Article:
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03182007  #11 
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Hmmm...
All right, I'll lift my suspicions... for now. 
03182007  #12 
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See, if you read scifi thing I read you'd know knaves always lie and knights always tell the truth and I am a knight.
now if i told you i made mc nats(which i didn't but i could but i probably won't) you can call me a knave and i'd be fine since you'd be being a knight in that case. 
03182007  #13 
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Rather an... interesting way of looking at things.

03232007  #14 
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here you go guys look how easy
 The Horner’s method is an algorithm that evaluates polynomials. The following pseudocode shows how to use this method to find the value of a_nx^n + a_{n1}x^{n1} + . . . + a_1x + a_0 at x = c. procedure Horner(c, a_0, a_1, a_2, . . . , a_n : real numbers) y := a_n for i := 1 to n y := y * c + a_{ni} end {y = a_nc^n + a_{n1}c^{n1} + . . . + a_1c + a_0} (a) Evaluate x^2 + 5x + 3 at x = 2 by working through each step of the algorithm. y:=1 [since n=2 and a_2=1] i:=1 [first time the loop runs] y:=y*2+5 =1*2+5=2+5=7 [since c=2 and a_1=5] i:=2 [second time the loop runs] y:=y*2+3=7*2+3=14+3=17 [since c=2 and a_0=3] end [loop runs n=2 times only] Indeed, 2^2+5*2+3=4+10+3=17 ! (b) Exactly how many multiplications and additions are used by this algorithm to evaluate a polynomial of degree n at x = c? (Do not count additions used to increment the loop variable.) Each time the loop repeats it performs 1 multiplication [y*c] and 1 addition [adds a_{ni} to it]. Loop repeats n times [i goes from 1 to n] so this algorithm performs n multiplications and n additions !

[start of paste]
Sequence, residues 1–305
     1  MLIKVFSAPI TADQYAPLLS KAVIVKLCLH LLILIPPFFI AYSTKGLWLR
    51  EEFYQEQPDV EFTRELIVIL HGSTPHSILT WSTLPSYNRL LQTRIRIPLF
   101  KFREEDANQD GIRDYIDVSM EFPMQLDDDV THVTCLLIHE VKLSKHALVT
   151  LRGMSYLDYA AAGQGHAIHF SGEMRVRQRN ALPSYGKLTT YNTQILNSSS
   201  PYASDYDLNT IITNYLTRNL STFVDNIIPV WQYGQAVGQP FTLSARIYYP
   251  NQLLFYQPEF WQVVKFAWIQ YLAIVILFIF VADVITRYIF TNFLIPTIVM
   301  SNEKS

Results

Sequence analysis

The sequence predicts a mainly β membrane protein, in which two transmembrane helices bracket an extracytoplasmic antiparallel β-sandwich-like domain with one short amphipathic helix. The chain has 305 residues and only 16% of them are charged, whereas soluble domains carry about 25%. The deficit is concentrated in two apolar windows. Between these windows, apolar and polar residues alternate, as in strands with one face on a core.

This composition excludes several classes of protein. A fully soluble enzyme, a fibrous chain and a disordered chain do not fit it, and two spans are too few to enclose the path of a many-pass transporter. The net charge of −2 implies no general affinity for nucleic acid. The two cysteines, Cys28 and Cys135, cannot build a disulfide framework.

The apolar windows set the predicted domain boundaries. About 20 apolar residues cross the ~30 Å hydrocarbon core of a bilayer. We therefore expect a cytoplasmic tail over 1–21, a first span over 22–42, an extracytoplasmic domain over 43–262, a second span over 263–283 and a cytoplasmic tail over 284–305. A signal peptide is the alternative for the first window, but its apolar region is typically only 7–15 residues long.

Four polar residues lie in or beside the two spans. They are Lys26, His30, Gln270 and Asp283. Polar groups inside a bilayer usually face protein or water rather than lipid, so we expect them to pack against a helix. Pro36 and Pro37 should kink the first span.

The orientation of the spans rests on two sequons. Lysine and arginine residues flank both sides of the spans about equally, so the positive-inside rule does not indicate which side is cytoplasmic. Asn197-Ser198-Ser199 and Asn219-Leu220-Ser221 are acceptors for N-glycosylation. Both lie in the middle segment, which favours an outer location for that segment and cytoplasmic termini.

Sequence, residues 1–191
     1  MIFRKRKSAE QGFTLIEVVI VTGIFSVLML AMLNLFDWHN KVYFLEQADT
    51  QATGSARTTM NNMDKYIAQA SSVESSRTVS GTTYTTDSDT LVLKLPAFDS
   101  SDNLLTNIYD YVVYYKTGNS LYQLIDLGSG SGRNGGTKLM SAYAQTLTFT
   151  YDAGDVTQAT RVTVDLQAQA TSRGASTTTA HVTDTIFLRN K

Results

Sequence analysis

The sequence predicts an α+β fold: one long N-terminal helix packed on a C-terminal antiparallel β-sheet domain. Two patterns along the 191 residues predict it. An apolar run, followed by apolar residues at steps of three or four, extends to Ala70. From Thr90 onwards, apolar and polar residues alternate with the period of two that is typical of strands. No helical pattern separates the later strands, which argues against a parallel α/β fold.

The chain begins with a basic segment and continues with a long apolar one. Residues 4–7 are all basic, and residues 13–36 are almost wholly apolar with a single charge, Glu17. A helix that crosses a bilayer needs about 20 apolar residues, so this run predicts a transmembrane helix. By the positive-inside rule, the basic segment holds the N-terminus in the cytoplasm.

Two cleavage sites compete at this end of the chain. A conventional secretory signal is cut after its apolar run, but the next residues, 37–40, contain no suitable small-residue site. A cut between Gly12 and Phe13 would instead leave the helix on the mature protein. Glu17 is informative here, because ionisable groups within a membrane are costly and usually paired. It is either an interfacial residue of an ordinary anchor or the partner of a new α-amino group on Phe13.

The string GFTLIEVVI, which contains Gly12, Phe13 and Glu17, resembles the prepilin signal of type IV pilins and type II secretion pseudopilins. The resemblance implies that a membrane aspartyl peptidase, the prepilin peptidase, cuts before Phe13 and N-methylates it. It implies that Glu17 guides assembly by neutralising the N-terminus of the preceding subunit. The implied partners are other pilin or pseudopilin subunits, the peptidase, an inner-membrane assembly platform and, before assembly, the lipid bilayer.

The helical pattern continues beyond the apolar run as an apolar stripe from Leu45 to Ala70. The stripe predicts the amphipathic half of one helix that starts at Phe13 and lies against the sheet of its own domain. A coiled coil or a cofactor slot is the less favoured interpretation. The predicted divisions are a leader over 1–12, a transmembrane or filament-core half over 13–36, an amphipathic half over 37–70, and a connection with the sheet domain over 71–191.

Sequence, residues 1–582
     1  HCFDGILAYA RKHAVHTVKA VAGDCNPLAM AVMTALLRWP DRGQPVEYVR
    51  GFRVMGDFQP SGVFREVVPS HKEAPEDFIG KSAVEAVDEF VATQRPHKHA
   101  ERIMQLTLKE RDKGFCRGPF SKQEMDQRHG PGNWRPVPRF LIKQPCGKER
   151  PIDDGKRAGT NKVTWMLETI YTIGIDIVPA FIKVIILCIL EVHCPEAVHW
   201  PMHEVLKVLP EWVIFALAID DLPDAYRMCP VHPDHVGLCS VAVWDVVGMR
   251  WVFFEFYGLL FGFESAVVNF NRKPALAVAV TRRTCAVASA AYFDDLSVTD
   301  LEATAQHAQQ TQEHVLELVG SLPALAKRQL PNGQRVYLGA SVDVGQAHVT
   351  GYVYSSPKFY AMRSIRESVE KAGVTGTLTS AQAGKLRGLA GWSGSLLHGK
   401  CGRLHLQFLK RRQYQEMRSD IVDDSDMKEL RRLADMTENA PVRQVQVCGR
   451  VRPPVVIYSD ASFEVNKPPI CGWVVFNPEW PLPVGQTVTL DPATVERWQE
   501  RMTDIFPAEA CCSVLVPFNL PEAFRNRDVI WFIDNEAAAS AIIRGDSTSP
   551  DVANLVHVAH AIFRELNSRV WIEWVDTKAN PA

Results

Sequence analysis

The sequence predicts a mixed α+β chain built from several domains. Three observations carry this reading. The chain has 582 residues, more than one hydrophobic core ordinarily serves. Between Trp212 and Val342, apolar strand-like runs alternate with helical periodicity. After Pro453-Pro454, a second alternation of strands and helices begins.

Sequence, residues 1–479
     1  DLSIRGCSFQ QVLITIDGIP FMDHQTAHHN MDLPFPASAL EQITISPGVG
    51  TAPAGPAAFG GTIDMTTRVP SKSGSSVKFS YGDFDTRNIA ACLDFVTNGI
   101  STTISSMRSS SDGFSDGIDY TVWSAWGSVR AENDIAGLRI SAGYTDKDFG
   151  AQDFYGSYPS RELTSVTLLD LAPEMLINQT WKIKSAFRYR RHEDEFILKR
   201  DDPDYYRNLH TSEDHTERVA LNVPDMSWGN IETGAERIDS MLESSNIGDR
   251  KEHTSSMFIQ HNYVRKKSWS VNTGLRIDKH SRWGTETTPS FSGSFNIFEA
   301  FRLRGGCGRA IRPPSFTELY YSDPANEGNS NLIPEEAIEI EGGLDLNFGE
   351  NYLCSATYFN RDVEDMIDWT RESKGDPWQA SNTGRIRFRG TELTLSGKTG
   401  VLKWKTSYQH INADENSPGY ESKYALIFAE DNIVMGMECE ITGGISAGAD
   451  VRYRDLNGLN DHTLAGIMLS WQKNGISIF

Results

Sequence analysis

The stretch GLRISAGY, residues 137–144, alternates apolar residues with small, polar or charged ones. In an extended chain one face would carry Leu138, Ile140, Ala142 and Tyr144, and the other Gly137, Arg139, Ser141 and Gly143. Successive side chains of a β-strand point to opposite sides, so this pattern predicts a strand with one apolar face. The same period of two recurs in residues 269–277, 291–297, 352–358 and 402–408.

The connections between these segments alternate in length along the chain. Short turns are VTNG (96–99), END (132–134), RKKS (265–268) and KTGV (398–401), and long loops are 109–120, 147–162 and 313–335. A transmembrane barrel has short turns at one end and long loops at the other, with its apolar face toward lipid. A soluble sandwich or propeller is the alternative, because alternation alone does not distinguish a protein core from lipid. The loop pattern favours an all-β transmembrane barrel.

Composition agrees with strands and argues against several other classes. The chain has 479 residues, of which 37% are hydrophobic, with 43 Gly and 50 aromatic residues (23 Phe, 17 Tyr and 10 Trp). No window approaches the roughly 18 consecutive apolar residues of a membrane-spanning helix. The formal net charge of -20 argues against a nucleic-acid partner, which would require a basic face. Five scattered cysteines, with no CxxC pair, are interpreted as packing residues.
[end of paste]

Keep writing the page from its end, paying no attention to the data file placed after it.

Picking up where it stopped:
03242007  #15  
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Quote:
The crazy thing is, I actually almost understood part of that. 

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